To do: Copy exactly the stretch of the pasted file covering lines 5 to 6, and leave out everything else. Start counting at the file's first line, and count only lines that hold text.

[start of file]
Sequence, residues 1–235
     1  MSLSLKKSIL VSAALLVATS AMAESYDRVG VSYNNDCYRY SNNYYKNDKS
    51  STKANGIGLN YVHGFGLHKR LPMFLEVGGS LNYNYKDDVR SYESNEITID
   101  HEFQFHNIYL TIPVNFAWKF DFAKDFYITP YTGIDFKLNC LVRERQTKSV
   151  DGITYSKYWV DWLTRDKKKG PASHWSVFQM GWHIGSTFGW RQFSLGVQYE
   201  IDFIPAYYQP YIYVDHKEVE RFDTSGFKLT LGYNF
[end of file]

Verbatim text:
   151  DGITYSKYWV DWLTRDKKKG PASHWSVFQM GWHIGSTFGW RQFSLGVQYE
   201  IDFIPAYYQP YIYVDHKEVE RFDTSGFKLT LGYNF